Gas ebullition from aquatic systems to the atmosphere represents a potentially important fraction of primary production that goes unquantified by measurements of dissolved gas concentrations. Although gas ebullition from photosynthetic surfaces has often been observed, it is rarely quantified. The resulting underestimation of photosynthetic activity may significantly bias the determination of ecosystem trophic status and estimated rates of biogeochemical cycling from in situ measures of dissolved oxygen. Here, we quantified gas ebullition rates in Zostera marina meadows in Virginia, U.S.A. using simple funnel traps and analyzed the oxygen concentration and isotopic composition of the captured gas. Maximum hourly rates of oxygen ebullition (3.0 mmol oxygen m−2 h−1) were observed during the coincidence of high irradiance and low tides, particularly in the afternoon when oxygen and temperature maxima occurred. The daily ebullition fluxes (up to 11 mmol oxygen m−2 d−1) were roughly equivalent to net primary production rates determined from dissolved oxygen measurements indicating that bubble ebullition can represent a major component of primary production that is not commonly included in ecosystem‐scale estimates. Oxygen content comprised 20–40% of the captured bubble gas volume and correlated negatively with its δ18O values, consistent with a predominance of mixing between the higher δ18O of atmospheric oxygen in equilibrium with seawater and the lower δ18O of oxygen derived from photosynthesis. Thus, future studies interested in the metabolism of highly productive, shallow water ecosystems, and particularly those measuring in situ oxygen flux, should not ignore the bubble formation and ebullition processes described here.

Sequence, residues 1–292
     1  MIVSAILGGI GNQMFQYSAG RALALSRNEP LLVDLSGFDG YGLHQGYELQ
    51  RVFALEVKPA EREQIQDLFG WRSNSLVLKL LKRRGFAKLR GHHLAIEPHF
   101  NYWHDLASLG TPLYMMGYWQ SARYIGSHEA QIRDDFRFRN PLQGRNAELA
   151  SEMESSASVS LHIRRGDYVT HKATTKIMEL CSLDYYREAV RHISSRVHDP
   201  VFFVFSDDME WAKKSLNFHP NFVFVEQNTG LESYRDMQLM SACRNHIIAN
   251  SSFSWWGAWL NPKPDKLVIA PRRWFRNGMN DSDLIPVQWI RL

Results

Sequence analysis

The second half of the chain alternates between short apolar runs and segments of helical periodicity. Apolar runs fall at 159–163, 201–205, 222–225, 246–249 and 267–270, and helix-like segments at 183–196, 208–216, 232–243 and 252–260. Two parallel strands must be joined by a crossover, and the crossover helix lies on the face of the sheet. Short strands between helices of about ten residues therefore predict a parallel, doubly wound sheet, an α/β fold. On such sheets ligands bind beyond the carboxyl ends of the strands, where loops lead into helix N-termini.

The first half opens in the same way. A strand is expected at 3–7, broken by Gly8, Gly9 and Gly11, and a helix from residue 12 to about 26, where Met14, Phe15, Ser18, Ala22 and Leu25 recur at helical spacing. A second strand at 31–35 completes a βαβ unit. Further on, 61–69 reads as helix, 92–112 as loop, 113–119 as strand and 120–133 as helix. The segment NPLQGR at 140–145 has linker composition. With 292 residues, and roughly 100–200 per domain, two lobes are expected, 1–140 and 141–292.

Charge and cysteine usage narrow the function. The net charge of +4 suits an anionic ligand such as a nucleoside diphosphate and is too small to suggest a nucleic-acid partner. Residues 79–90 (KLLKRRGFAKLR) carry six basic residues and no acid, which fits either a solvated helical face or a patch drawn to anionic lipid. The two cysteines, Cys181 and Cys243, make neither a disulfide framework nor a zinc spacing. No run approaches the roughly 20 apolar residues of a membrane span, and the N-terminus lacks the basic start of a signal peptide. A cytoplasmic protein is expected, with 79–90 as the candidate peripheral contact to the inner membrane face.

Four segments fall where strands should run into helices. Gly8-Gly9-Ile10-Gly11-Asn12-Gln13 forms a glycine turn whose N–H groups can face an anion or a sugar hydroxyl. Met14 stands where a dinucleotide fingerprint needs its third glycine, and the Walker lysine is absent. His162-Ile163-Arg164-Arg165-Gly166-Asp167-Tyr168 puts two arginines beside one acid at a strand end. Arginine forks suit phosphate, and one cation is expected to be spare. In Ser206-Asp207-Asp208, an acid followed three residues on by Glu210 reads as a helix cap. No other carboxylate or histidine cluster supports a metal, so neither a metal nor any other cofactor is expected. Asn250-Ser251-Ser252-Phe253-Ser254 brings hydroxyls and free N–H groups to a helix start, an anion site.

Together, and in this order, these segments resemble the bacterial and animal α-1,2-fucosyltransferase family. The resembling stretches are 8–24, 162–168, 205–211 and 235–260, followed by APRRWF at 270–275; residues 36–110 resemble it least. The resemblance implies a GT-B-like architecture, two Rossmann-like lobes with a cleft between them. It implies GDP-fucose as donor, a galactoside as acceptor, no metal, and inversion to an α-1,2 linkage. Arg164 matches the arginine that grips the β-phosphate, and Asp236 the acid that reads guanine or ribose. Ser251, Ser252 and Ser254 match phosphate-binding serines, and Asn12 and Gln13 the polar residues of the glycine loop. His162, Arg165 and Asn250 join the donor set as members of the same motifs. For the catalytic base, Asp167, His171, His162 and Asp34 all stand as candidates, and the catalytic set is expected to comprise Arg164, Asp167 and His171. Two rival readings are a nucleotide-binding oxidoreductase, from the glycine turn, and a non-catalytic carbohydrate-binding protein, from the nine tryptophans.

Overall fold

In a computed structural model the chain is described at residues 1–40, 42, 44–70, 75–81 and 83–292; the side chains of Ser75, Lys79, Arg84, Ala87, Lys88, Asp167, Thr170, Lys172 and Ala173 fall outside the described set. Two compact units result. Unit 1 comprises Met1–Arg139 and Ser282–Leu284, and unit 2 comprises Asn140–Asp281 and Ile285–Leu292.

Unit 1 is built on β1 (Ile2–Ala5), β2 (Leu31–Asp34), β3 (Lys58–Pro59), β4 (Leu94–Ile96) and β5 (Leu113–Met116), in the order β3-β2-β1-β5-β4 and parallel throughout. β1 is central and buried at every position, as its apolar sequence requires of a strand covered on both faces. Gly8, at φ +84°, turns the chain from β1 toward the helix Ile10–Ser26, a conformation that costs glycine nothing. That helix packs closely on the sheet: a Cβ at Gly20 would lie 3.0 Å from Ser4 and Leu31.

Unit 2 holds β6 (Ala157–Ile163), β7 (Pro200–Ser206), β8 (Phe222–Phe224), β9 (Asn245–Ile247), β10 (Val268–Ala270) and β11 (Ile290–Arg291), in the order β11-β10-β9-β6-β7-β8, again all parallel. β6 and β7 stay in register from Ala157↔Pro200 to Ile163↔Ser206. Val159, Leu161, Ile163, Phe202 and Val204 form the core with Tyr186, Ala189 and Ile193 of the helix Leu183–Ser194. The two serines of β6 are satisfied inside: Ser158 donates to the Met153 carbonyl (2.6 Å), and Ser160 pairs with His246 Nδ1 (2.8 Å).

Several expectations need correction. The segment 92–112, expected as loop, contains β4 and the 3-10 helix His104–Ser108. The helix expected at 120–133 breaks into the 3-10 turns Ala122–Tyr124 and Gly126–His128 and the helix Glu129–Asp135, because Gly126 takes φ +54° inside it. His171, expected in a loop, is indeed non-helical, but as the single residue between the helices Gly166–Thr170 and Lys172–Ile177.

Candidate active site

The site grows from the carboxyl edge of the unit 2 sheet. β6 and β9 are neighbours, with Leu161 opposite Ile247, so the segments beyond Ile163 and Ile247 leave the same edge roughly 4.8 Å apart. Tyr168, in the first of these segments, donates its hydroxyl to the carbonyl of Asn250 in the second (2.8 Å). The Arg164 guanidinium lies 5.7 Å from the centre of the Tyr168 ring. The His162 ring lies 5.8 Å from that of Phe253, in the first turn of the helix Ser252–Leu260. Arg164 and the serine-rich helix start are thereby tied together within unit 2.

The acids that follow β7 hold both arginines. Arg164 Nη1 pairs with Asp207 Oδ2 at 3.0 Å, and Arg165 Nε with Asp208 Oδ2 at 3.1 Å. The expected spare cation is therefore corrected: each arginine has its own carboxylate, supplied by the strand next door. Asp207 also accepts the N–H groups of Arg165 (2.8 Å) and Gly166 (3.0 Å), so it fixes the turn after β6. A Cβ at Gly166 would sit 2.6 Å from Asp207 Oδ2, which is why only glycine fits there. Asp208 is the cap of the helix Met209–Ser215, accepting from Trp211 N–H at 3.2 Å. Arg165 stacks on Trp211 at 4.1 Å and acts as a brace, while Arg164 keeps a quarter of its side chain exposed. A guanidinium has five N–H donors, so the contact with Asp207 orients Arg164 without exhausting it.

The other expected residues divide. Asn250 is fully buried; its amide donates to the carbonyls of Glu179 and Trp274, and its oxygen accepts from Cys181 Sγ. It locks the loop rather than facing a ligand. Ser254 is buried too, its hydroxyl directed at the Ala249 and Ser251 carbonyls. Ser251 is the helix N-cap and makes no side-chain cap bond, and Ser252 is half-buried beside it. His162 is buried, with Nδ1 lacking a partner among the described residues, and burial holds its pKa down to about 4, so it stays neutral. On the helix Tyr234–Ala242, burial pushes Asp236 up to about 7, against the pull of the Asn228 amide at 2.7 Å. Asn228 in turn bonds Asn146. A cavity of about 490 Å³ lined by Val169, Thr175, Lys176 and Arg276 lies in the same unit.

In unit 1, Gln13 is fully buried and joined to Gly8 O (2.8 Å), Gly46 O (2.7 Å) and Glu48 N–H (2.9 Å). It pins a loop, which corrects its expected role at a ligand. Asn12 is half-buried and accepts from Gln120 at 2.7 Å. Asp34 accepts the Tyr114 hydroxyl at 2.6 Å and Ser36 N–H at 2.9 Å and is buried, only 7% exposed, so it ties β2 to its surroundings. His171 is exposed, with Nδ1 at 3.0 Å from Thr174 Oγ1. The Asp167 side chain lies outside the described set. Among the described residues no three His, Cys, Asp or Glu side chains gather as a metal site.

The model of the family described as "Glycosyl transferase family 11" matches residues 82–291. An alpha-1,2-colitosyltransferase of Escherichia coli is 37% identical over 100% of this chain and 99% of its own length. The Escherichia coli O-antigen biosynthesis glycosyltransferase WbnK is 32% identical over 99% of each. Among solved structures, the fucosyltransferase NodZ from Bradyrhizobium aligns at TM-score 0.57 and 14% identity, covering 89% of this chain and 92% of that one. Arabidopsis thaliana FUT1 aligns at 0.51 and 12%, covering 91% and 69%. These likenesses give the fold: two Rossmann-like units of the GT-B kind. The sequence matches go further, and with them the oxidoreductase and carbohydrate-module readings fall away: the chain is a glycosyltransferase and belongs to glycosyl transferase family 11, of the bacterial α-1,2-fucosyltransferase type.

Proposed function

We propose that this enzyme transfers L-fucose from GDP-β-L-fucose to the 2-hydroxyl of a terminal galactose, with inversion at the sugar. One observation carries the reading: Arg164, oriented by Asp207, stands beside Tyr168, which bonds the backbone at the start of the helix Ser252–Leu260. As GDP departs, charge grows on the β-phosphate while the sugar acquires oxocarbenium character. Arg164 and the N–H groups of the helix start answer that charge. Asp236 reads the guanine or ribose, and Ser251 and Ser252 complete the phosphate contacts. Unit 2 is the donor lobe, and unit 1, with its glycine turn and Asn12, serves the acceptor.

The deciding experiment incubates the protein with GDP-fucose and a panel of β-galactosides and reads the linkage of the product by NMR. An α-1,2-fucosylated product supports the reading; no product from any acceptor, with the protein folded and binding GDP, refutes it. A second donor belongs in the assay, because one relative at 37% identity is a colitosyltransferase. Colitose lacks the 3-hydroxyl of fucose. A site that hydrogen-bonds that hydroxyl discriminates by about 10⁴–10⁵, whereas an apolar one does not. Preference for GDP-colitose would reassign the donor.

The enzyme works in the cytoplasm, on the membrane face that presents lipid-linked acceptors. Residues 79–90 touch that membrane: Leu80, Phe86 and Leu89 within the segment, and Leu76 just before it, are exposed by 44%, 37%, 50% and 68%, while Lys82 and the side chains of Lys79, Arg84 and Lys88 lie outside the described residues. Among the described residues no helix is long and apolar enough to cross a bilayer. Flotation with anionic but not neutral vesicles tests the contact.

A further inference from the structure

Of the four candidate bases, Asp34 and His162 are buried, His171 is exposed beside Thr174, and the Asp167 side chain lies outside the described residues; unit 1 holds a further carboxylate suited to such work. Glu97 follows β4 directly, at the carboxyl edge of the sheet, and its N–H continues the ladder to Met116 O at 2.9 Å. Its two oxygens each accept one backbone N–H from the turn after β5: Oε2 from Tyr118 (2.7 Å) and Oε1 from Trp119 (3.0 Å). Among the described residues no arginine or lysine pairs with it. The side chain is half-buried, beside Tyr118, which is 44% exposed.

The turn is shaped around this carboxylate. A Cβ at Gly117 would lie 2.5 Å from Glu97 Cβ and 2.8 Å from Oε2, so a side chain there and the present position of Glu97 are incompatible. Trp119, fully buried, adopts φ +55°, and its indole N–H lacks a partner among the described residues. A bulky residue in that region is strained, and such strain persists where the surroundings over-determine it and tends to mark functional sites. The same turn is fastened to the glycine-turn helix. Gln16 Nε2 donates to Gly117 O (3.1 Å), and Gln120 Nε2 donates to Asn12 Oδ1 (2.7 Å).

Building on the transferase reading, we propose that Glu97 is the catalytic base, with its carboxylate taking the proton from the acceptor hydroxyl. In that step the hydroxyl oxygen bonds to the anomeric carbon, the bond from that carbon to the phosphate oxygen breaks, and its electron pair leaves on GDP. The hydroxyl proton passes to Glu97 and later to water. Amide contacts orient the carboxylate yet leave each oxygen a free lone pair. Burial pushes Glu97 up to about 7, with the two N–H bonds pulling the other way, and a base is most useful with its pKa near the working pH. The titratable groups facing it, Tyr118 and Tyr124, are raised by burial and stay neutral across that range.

• Article
    Automated classification of three-dimensional reconstructions of coral reefs using convolutional neural networks
    (Public Library of Science, 2020-03-24) Hopkinson, Brian M. ; King, Andrew C. ; Owen, Daniel P. ; Johnson-Roberson, Matthew ; Long, Matthew H. ; Bhandarkar, Suchendra M.
    Coral reefs are biologically diverse and structurally complex ecosystems, which have been severally affected by human actions. Consequently, there is a need for rapid ecological assessment of coral reefs, but current approaches require time consuming manual analysis, either during a dive survey or on images collected during a survey. Reef structural complexity is essential for ecological function but is challenging to measure and often relegated to simple metrics such as rugosity. Recent advances in computer vision and machine learning offer the potential to alleviate some of these limitations. We developed an approach to automatically classify 3D reconstructions of reef sections and assessed the accuracy of this approach. 3D reconstructions of reef sections were generated using commercial Structure-from-Motion software with images extracted from video surveys. To generate a 3D classified map, locations on the 3D reconstruction were mapped back into the original images to extract multiple views of the location. Several approaches were tested to merge information from multiple views of a point into a single classification, all of which used convolutional neural networks to classify or extract features from the images, but differ in the strategy employed for merging information. Approaches to merging information entailed voting, probability averaging, and a learned neural-network layer. All approaches performed similarly achieving overall classification accuracies of ~96% and >90% accuracy on most classes. With this high classification accuracy, these approaches are suitable for many ecological applications.